Kurunegala (Sinhala: කුරුණෑගල, Tamil: குருணாகல்) is a major city in Sri Lanka. It is the capital city of the North Western Province and the Kurunegala District. Kurunegala was an ancient royal capital for 50 years, from the end of the 13th century to the start of the 14th century. It is at the junction of several main roads linking to other important parts of the country. It is about 94 kilometres (58 mi) from Colombo and 42 kilometres (26 mi) from Kandy.
Located at an altitude of 116 metres (381 ft) above sea level, Kurunegala is surrounded by coconut plantations and rubber estates. There are eight very noticeable large rocks that encircle and dominate the city. Kurunegala's rocks rise from the plain below and have characteristic names, six of which come from the animals that they are imagined to represent. The largest among them is Ethagala or the "Elephant Rock" (though the translation is actually tusker), reaches 325 metres (1,066 ft). The shape of Ethagala resembles an elephant.
Kurunegala has been named after the Elephant rock (ඇතුගල). "Kurune" means tusker or an elephant with protruding teeth and gala in Sinhala means rock. Kurunai means tusker or an Elephant and gal in Tamil means rock or hill. Kurunegala's old name was Hasthishaila-pura, which can be translated as 'The City of the Elephant Rock' in Sanskrit. In some ancient literature, the word Athugal-pura (ඇතුගල්පුර) is employed to describe the city of Kurunegala.
Nearby are three archeological cities — Parakramapura (Panduvasnuwara, පඬුවස්නුවර) (northwest) with remains of a moated palace and monasteries from the 12th century, Dambadeniya (දඹදෙනිය) (southwest, mid-13th century) and Yapahuwa (north).
Kurunegala enjoys a pleasant location with huge rocky outcrops some of which have been given names of the animals they resemble: elephant rock, tortoise rock etc. According to folklore legend, a long time back the city had a severe drought. To exacerbate matters for humans, animals had threatened the city's storage capabilities by consuming huge amounts of water. A witch volunteered to alleviate the problem, transforming some of the animals magically into stone figures.
Kurunegala had a citadel in the 13th century. Its ascendancy as an ancient capital of Sri Lanka began with a series of events that took place during the late 12th century at Yapahuwa. The sacred tooth relic which was in the Yapahuwa Kingdom was taken by an Aryacakravarti from the Jaffna Kingdom to the Pandyan country during the rule of Buwaneka Bahu I from 1272 to 1284. The relic was brought back by King Parakrama Bahu III who ruled from Kurunegala between 1287 and 1293. Over the next half a century Kurunegala was the capital and the governing centre for three other kings of Sri Lanka.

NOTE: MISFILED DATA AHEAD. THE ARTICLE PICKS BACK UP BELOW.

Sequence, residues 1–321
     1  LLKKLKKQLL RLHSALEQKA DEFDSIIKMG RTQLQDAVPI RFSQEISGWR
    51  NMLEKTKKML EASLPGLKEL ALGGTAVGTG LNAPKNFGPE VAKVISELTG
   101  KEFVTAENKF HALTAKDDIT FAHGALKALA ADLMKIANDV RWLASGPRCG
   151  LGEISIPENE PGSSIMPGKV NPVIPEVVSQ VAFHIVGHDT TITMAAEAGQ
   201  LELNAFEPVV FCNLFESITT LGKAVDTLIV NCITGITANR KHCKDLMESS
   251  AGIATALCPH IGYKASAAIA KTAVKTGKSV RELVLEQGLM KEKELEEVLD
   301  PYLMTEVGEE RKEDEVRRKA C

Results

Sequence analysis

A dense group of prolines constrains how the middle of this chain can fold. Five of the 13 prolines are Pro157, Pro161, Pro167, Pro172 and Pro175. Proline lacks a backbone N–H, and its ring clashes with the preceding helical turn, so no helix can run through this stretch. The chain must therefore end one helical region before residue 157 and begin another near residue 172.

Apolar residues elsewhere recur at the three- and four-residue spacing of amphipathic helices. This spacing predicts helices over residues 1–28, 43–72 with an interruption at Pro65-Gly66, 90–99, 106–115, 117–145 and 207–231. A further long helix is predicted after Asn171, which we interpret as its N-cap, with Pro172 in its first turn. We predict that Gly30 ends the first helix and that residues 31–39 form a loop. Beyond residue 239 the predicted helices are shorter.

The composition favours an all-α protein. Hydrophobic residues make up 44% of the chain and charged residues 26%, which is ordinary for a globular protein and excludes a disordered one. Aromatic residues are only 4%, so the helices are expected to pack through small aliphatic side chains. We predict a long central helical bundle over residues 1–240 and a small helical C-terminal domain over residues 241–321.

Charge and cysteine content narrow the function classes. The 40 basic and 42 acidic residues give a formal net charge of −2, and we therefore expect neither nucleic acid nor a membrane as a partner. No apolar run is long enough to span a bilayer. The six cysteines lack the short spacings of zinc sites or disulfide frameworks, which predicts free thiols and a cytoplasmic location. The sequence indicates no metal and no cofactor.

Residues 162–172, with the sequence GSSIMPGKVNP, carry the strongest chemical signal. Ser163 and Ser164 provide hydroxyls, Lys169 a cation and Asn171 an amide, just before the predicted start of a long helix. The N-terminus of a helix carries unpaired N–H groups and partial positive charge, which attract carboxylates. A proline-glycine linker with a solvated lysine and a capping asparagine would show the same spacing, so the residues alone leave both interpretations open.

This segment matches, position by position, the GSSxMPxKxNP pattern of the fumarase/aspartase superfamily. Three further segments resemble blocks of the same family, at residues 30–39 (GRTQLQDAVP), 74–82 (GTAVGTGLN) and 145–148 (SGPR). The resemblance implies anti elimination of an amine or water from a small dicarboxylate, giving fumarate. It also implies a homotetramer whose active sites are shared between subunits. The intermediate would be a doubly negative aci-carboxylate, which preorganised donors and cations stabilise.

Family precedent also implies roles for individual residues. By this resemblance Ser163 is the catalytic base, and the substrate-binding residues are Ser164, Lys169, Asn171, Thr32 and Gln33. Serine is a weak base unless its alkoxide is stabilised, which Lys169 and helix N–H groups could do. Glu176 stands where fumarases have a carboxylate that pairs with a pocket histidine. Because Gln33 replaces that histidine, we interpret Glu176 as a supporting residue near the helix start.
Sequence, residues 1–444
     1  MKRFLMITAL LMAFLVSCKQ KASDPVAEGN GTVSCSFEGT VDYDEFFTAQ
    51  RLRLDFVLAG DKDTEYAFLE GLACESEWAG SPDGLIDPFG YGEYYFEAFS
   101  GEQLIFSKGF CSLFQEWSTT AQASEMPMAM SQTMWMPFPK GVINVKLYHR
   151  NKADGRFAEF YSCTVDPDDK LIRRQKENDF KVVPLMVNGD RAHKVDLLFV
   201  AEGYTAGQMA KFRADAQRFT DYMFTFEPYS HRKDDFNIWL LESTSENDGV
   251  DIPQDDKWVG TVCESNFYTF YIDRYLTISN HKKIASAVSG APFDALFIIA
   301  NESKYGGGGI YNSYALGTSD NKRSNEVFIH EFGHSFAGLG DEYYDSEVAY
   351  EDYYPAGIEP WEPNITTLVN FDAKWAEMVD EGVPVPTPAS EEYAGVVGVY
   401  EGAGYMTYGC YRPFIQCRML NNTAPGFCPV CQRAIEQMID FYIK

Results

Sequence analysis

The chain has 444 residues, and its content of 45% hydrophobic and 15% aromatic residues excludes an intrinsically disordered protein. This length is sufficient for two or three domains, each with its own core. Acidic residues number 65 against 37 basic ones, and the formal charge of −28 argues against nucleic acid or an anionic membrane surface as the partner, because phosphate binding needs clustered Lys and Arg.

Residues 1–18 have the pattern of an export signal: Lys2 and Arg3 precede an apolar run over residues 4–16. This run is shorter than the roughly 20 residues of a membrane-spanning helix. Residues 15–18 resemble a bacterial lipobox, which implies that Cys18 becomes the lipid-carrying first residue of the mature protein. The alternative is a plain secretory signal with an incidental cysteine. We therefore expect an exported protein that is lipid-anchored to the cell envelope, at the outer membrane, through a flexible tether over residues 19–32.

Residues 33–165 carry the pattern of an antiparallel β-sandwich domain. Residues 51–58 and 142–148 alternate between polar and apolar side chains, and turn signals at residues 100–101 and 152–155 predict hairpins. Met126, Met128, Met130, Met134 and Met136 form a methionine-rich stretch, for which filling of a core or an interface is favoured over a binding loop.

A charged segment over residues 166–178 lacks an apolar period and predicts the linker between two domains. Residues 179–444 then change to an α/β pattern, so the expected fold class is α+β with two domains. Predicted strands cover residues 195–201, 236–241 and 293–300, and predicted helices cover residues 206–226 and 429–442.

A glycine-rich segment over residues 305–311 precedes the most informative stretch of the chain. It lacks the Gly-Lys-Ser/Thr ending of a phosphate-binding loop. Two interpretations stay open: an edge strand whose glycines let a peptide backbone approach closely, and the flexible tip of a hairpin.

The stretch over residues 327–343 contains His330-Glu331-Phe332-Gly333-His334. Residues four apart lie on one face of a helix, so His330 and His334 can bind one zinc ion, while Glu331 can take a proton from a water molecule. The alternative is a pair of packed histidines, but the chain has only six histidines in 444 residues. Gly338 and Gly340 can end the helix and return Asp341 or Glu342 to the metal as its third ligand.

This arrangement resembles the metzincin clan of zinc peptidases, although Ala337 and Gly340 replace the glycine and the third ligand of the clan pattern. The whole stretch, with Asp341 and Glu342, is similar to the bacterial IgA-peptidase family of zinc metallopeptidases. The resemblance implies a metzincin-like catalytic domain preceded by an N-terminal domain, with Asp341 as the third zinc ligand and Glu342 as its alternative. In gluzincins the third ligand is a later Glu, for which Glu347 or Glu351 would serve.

After the death of King Parakrama Bahu III, kings Buvanekabahu II (1293–1302) who was followed by Parakramabahu IV (1302–1326) ruled from Kurunegala. The ruler in Kurunegala from 1326 to 1335 was Buwaneka Bahu III alias Wanni Buwaneka Bahu. He was the son of Pandith Parakrama Bahu II and is believed to be the last king to rule the country from Kurunegala.
After the reign of Buwaneka Bahu III, the newly throned king Vijayabahu V ruled from Dambadeniya and Yapahuwa from 1335 to 1341 before once again the kingdom of Sri Lanka shifted to Gampola.
Topographically Kurunegala town is based on a plain area with the exception of the surrounding rock outcrops. The northern part of the town is slightly higher than the south. Kurunegala Lake is the primary geographical feature of Kurunegala and adorns the town. The region comprising the Kurunegala town is well above the sea level compared to the coastal areas of Sri Lanka. However, the region is not as high as the central hill country. The nearest beaches to Kurunegala are to the west and include Negombo and Chilaw.